Victorian Crime and Punishment

The streets in Victorian Britain were often narrow and poorly lit. Some people thought that poor people were poor through laziness and the government rarely did anything to help them. Some poor people saw a life of crime as the only way of surviving. Large towns often had many pickpockets and thieves and some of these ‘criminals’ were children.

‘Criminal’ children could be given the same punishments as adults. This meant boys as young as ten were punished by deportation to Australia. The voyage from Britain to Australia could take up to five months and one in every 100 prisoners died on the trip. The deportations stopped in the 1850s.

In some places people could be fined for things like having snowball fights or throwing an orange peel in the street.

Criminals were still hanged in public until 1868 and after that prisoners were executed inside prisons. A black flag was raised over the prison to show the sentence had been carried out.

There were not enough prisons in Victorian Britain to hold all the criminals, so medieval castles were often turned into prisons. Many criminals were kept in floating prisons called ‘hulks’. The hulks were rotting old wooden ships that were filthy, dark and crowded.

People who misbehaved in prison were punished with the crank. This meant turning a stiff handle on a machine up to 1,000 times without stopping. This was a very painful exercise.

The government minister Sir Robert Peel created Britain’s first police force in London in 1829. They were called ‘Peelers’ or ‘Bobbies’ after him. Policemen wore black top hats that were strong enough to stand on. They used them to see over walls. The rest of Britain didn’t have a police force until 1856.

The Victorians were fascinated by crime and many read detective stories like Sherlock Holmes. The author, Sir Arthur Conan Doyle, lived in Hindhead in Surrey between 1897 and 1907. During this time he wrote his most famous story, The Hound of the Baskervilles.


Guildford Union Work House, 1838. SHC ref PX/72/610.

Guildford Union Work House, 1838. SHC ref PX/72/610.

Workhouses were places for the poor, old, orphaned or mentally ill who could not afford to support themselves. They were made to work in terrible conditions in return for food and shelter.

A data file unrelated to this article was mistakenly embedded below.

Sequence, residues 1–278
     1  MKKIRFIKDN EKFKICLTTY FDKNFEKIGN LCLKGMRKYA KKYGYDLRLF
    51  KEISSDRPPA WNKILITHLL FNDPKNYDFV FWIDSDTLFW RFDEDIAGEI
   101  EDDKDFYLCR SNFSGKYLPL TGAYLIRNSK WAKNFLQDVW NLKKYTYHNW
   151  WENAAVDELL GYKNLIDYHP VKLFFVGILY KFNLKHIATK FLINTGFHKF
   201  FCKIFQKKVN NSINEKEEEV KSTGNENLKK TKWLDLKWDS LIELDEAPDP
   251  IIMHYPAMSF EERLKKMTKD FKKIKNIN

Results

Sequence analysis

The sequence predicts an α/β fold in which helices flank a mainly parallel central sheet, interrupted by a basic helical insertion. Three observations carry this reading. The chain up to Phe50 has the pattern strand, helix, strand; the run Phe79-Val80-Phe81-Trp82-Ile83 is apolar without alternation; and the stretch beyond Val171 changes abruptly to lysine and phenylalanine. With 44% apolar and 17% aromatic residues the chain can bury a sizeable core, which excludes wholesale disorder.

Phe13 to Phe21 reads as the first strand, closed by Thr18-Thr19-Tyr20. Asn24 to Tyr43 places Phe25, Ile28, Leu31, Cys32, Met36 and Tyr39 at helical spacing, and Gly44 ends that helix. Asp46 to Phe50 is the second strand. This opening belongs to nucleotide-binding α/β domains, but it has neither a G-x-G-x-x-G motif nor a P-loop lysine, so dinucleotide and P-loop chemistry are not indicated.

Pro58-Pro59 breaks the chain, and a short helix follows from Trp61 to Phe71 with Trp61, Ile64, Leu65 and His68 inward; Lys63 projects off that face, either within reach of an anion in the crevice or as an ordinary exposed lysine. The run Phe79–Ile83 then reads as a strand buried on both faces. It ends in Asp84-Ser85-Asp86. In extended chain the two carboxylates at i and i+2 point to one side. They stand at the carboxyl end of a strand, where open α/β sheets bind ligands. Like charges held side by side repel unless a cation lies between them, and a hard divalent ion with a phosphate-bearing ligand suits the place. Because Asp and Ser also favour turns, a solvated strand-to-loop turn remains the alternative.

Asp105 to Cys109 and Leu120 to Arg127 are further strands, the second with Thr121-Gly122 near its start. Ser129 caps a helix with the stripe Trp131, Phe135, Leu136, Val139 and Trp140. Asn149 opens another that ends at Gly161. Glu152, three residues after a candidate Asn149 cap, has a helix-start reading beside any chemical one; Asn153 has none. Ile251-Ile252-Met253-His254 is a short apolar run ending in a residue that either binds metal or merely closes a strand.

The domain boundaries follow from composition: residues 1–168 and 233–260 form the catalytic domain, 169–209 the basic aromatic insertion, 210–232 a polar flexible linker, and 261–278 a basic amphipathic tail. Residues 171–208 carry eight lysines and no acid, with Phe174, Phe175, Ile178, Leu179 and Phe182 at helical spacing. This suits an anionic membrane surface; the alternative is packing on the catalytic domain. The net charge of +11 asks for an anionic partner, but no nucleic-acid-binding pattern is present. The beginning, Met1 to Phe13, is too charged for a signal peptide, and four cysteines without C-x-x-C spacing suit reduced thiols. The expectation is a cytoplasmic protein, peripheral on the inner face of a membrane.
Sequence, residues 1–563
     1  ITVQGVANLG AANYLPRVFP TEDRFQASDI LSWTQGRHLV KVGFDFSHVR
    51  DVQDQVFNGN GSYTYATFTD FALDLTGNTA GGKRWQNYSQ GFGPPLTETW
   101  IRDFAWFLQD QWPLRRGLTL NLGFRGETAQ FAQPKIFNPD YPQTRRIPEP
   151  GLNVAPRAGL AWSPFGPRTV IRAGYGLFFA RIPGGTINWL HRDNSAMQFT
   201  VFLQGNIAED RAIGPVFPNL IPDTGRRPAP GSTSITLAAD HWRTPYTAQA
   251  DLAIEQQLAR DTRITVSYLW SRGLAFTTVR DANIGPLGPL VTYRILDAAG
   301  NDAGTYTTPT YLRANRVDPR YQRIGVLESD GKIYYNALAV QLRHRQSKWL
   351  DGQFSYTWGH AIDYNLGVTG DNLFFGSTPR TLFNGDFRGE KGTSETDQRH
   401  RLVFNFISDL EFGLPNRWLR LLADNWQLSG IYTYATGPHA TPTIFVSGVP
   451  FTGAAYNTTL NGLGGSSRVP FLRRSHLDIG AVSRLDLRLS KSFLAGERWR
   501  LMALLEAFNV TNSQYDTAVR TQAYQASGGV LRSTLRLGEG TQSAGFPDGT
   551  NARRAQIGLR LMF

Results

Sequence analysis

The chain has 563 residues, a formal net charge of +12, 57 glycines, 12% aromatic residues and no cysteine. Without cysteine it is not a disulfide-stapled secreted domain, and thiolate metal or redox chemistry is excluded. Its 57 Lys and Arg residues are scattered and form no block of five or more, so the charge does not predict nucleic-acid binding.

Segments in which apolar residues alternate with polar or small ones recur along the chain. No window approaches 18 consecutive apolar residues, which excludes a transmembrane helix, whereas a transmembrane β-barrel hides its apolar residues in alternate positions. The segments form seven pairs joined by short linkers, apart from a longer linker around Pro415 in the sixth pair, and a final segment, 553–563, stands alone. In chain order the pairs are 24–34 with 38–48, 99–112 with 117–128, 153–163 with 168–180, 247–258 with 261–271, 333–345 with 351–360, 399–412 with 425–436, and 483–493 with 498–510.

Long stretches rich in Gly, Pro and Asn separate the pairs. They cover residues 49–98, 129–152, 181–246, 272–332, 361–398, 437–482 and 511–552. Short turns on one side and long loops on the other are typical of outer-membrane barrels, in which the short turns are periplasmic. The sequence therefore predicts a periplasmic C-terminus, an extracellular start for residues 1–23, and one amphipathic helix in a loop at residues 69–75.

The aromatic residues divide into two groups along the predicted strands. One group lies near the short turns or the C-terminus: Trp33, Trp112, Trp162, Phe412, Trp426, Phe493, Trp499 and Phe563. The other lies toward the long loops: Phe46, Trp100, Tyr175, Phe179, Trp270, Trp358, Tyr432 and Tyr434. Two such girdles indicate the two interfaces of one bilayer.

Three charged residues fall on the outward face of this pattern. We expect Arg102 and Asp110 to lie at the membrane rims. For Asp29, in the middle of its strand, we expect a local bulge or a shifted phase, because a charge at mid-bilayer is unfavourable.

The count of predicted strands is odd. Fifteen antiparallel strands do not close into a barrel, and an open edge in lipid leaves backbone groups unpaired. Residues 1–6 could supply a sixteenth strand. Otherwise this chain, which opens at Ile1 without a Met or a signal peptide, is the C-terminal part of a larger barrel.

Family members were separated and lived in different dormitories. They were forbidden from speaking to each other. Some workhouses didn’t even have beds – the people who lived there were given blankets and had to sleep on the cold floor. Many Victorians thought that the poor had no money because they were lazy and needed to be taught the value of hard work.

The workhouse, Bletchingley. SHC ref 7828/2/18/247

The workhouse, Bletchingley. SHC ref 7828/2/18/247.

There were workhouses built in Surrey at Farnham, Chertsey, Bletchingley, Reigate and Hambledon. Guildford Workhouse had such bad problems with overcrowding that in 1895 the decision was made to build a new ward. This was completed in 1905 and became known as The Spike.

Every day would start with a prayer, breakfast and work. They would then pray again before eating lunch. After lunch the adults would go back to work whilst the kids went to school. The day would end with dinner and prayer before bed. Some workhouses also had time for exercise.

The food in workhouses was very plain and you would only get given a small amount. Gruel and soup were common meals in a workhouse as well as bread and butter. In some workhouses they would have to eat with their hands as there weren’t any knives or forks and they would have to eat in silence.

There were also ‘working schools’ for orphans where they received accommodation and an education. There were only a limited number of places. The schools were run by a board of governors who would vote to decide which orphans should be allowed to enter the school. Only children from ‘respectable’ families were considered.

The history of the workhouse by Peter Higginbotham

Links to related pages

Link to the Victorians page
Link to the Victorian Activities page
Link to the A Few Famous and Interesting People in Victorian Surrey page
Link to the Life in Victorian Times page
Link to the Victorian Childhood page
Link to the Victorian Industry and Technology page